What has happened in Gaza reminds me of what happened when I moved to West Philadelphia in 1986. Soon after moving in, I was shocked to learn that police had dropped bombs on a nearby community of black radicals, killing eleven people. Here’s the story as told in Wiki:
In 1981, a radical community of black activists called MOVE relocated to a row house at 6221 Osage Avenue in the Cobbs Creek area of West Philadelphia. Neighbors complained for years that MOVE members were broadcasting political messages by bullhorn at all hours and also about the health hazards created from piles of compost. On May 13, 1985, after the complaints as well as indictments of numerous MOVE members for crimes including parole violation, contempt of court, illegal possession of firearms, and making terrorist threats, the police department attempted to clear the building and arrest the indicted MOVE members. This led to an armed standoff with police. The police lobbed tear gas canisters at the building. MOVE members fired at the police, and the police returned fire with semiautomatic weapons. A Pennsylvania State Police helicopter then dropped two one-pound bombs made of FBI-supplied water gel explosive, a dynamite substitute, targeting a fortified, bunker-like cubicle on the roof of the house.
The resulting fire ignited a massive blaze that eventually destroyed approximately 60 houses nearby. Eleven people (John Africa, five other adults and five children) died in the resulting fire. Ramona Africa, one of the two survivors, claimed that police fired at those trying to escape the burning house, while the police stated that MOVE members had been firing at police.
Mayor W. Wilson Goode soon appointed an investigative commission called the PSIC or MOVE commission. It issued its report on March 6, 1986. The report denounced the actions of the city government, stating that "Dropping a bomb on an occupied row house was unconscionable." No one from the city government was charged criminally.
In a 1996 civil suit in US federal court, a jury ordered the City of Philadelphia to pay $1.5 million to a survivor and relatives of two people killed in the bombing. The jury found that the city used excessive force and violated the members' constitutional protection against unreasonable search and seizure. Philadelphia was given the sobriquet "The City that Bombed Itself."
Note that in this case, the city didn’t justify its actions based on the argument it “had the right to defend itself.” Certainly the illegal activities of MOVE (like the behavior of Hamas) was a threat that justified some kind of defensive and/or punitive response. The city investigated itself, and found itself guilty, but imposed no penalties. Then a relatively impartial outside agency, the US federal court, investigated the city’s actions and determined that the city used excessive force and needed to compensate the victims.
I think similar argument could be made about Israel’s response to Hamas. Gazan rockets and mortars have killed 40 Israelis in 14 years. That’s 2.8 Israelis per year. During the recent attack on Gaza, Hamas rockets killed 4 civilians. This is tragic, since every life is precious, but hardly an existential threat to Israel. In response to this threat, Israel has killed thousands of Gazans (most of them innocent children and civilians) and inflicted billions of dollars in property damage. By the principle of proportionality, Israel or any country is required to do the least amount of force in order to counter a threat.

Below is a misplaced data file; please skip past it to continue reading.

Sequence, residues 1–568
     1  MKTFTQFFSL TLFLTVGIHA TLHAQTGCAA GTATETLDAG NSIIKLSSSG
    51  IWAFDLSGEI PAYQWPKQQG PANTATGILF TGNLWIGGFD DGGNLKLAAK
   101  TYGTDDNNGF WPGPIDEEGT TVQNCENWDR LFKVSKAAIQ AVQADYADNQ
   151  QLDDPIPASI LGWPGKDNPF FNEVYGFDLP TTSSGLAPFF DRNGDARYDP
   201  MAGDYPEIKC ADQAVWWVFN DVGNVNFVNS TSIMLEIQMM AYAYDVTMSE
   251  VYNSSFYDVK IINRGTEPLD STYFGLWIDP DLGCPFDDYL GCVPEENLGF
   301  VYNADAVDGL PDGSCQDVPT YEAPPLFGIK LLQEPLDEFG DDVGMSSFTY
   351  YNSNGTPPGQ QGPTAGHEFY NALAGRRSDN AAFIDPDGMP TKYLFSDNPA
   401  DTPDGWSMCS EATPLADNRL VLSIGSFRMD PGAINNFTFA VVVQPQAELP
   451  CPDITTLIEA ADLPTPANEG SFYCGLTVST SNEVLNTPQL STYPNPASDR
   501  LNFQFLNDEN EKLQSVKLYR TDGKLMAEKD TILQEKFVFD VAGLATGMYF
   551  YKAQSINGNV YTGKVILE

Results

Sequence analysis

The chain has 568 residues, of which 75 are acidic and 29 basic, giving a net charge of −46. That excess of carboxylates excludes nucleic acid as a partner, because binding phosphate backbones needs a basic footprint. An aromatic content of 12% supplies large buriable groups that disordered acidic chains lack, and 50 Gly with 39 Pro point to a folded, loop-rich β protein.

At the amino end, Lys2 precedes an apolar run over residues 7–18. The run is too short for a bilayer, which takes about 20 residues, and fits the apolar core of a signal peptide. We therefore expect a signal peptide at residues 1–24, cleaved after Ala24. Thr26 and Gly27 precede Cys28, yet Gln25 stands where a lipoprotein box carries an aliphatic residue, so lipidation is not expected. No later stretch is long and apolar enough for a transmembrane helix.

In fact, under just war theory (as espoused by the Catholic church, not the Quakers), a country engaged in a defensive war is obliged to meet the following requirements:
- It is necessary that the response be commensurate to the evil; use of more violence than is strictly necessary would constitute an unjust war.
- Once war has begun, there remain moral limits to action. For example, one may not attack innocents or kill hostages.
- It is obligatory to take advantage of all options for dialogue and negotiations before undertaking a war; war is only legitimate as a last resort.
- the damage inflicted by the aggressor on the nation or community of nations must be lasting, grave, and certain;
- all other means of putting an end to it must have been shown to be impractical or ineffective;
- there must be serious prospects of success;
- the use of arms must not produce evils and disorders graver than the evil to be eliminated (the power of modern means of destruction weighs very heavily in evaluating this condition).
Did Israel’s attack on Gaza meet these criteria? Was Hamas’ response to Israel’s actions legal or morally defensible? These are questions that should be answered by an international court of justice. It seems clear to me that both sides bear some measure of responsibility. Outside parties (such as the UN) need to help put this conflict into perspective and help both parties do what is necessary to bring about a just and lasting peace.
As a citizen of the US, I feel I need to do my part to insure that my country does not take sides, but does what it can to enable both parties to live together with dignity and justice for all. I believe that FCNL’s positions would go a long way toward making an enduring peace possible. As Kate Gould writes:
No one—Israeli or Palestinian—should have to live under constant threat of death. The U.S. must call for an immediate ceasefire to stop the killing. That will require engaging not only Israel but also Hamas. But the U.S. must also call on Israel to lift the blockade on Gaza that causes unnecessary suffering for civilians. Without an end to the blockade, the ceasefire will not last.
Violence and military force will never bring peace for Israelis and Palestinians. Military aid to Israel amounting to more than $3 billion per year creates a heavy moral obligation for the U.S. to ensure that this aid is not used in violation of U.S. law and fundamental human rights.